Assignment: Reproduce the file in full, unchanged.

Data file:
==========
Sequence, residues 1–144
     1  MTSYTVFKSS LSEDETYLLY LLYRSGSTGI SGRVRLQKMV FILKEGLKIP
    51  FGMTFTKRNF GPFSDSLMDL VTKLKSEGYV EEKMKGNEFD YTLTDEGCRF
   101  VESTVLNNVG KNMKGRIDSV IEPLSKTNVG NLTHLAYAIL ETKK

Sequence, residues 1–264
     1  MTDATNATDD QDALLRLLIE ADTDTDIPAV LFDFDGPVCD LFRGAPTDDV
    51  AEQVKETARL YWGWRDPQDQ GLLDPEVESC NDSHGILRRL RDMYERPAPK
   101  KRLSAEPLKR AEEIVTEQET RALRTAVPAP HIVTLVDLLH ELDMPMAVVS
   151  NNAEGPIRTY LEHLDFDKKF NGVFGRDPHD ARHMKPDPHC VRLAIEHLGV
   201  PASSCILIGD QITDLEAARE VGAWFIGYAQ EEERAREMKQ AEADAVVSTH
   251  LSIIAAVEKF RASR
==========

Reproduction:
Sequence, residues 1–144
     1  MTSYTVFKSS LSEDETYLLY LLYRSGSTGI SGRVRLQKMV FILKEGLKIP
    51  FGMTFTKRNF GPFSDSLMDL VTKLKSEGYV EEKMKGNEFD YTLTDEGCRF
   101  VESTVLNNVG KNMKGRIDSV IEPLSKTNVG NLTHLAYAIL ETKK

Sequence, residues 1–264
     1  MTDATNATDD QDALLRLLIE ADTDTDIPAV LFDFDGPVCD LFRGAPTDDV
    51  AEQVKETARL YWGWRDPQDQ GLLDPEVESC NDSHGILRRL RDMYERPAPK
   101  KRLSAEPLKR AEEIVTEQET RALRTAVPAP HIVTLVDLLH ELDMPMAVVS
   151  NNAEGPIRTY LEHLDFDKKF NGVFGRDPHD ARHMKPDPHC VRLAIEHLGV
   201  PASSCILIGD QITDLEAARE VGAWFIGYAQ EEERAREMKQ AEADAVVSTH
   251  LSIIAAVEKF RASR